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Re: [pct-l] footwear

Margo, like you, my ankles need support. In '97 I made the mistake of hiking 
in a pair of Reebock hightops -- the rest of my trip is history!  From then 
on there wasn't a day that I didn't have feet problems of one type or 
another.  It started out with blisters, then lost toe nails (I lost all but 
one and several of them twice!), bone spurs, and then lesions that developed 
on the bottom of my feet.  My shoes were too tight after walking all day -- 
even without any lacing.  By the end of a week, both of my shoes had hardly 
any backs or toes, Walt had redesigned them. Unfortunately, the damage had 
already been done to my feet.

In Big Bear, the paramedic told me I should stay there a week, it would be 
crazy to walk on feet like mine. I left in 3 days wearing a new pair of low 
top shoes size 7 1/2 (I started out in size 6 -- my normal shoe size was 5 
1/2, but I got my shoes just a little bit bigger for swelling!) Changing the 
shoes was much better, but by now my back, knees and hips were all out of 
kilter because they had been working hard to compensate for the unnatural 
way I had started walking.

By the time we got to the Sierras, I changed shoes again -- for the last 
time!  If I had started out in my Hi-Tech Light Sierras right off the bat, 
Walt and I probably would have finished our hike in '97 -- maybe not -- who 
knows.  My feet still gave me problems but not shoe problems. After walking 
wet/cold shoes and socks for 3 days I developed a callous on the ball of my 
foot that pinched a nerve, leisons on both big toes to add insult to injury, 
my right toe had a blister under the toe nail and that developed a blood 
blister under it.  A bone spur developed on my right heel from the Reebock 
hightops!  After a trip to the Podiatrist in Tahoe (she was fantastic!), and 
a few days off, we were able to get back on the trail again and made it as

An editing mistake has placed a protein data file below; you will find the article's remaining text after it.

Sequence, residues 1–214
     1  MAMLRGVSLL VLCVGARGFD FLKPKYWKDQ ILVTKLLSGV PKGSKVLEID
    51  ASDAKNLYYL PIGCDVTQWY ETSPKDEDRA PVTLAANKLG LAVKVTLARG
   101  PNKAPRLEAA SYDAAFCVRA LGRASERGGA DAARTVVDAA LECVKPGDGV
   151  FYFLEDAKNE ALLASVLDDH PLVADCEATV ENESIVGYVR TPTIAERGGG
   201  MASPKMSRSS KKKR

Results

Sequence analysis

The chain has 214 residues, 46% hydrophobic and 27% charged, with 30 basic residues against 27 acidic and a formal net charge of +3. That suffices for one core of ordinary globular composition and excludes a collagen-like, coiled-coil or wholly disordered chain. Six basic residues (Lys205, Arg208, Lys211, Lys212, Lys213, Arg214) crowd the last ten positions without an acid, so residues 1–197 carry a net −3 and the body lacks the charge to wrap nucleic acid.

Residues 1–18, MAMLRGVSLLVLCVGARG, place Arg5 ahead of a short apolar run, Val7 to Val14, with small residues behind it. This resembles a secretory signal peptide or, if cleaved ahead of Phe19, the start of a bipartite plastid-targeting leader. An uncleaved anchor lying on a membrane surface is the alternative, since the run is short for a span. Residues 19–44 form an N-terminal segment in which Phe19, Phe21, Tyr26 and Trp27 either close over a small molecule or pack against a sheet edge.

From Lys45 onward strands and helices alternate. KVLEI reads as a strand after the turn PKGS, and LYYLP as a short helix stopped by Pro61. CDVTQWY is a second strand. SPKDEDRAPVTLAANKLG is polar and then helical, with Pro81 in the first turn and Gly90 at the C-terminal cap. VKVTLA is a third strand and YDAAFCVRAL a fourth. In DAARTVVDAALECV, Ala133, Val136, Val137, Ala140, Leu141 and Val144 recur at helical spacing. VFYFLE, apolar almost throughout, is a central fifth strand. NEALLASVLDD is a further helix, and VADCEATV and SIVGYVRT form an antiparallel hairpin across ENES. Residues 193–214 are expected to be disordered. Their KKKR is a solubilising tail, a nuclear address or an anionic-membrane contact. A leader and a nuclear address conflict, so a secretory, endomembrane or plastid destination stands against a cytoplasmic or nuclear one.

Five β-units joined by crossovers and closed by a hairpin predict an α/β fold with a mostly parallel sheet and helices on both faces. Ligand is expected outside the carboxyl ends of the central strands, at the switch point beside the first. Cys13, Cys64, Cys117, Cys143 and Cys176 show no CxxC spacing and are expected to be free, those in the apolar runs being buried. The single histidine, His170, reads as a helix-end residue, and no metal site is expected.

far as Sierra City!  

I firmly believe that even if I had STARTED out with the right shoe, I would 
have had a more successful hike. There are thousands of different shoes out 
there (probably an understatement!) because we have millions of different 
feet (another understatement!)  Not only that, but different types of hiking 
require different types of shoes.  Some of us can wear tyvas and get away 
with it, but others can't, we are just not made the same.  For the desert 
and stream crossings, I would say even I might try tyvas, but in the 
Sierras, MY FEET require more support.

Bye the way, I am still hiking in those same pair of Sierra Lights --  minus 
all the blisters, callouses, lost toe nails and bone spurs!  When we left 
Manning Park in June this year, they were on my feet and carried me through 
snow fields, creek crossings (right thru them too!), up and over snowy 
cornices and narrow precipices and over beautiful passes and on high ridges, 
down into beautiful Stehekin!  Of course I was also wearing my gore tex 
socks that kept my feet warm and dry, at least for awhile.  It is water, too 
dry a foot, or too tight a shoe that gave me my a problems.  Remember to 
treat feet problems immediately! If only I had changed into my sandals the 
instant I felt a hot spot --- Oh well, if wishes were fishes we'd have a 
fish fry!     

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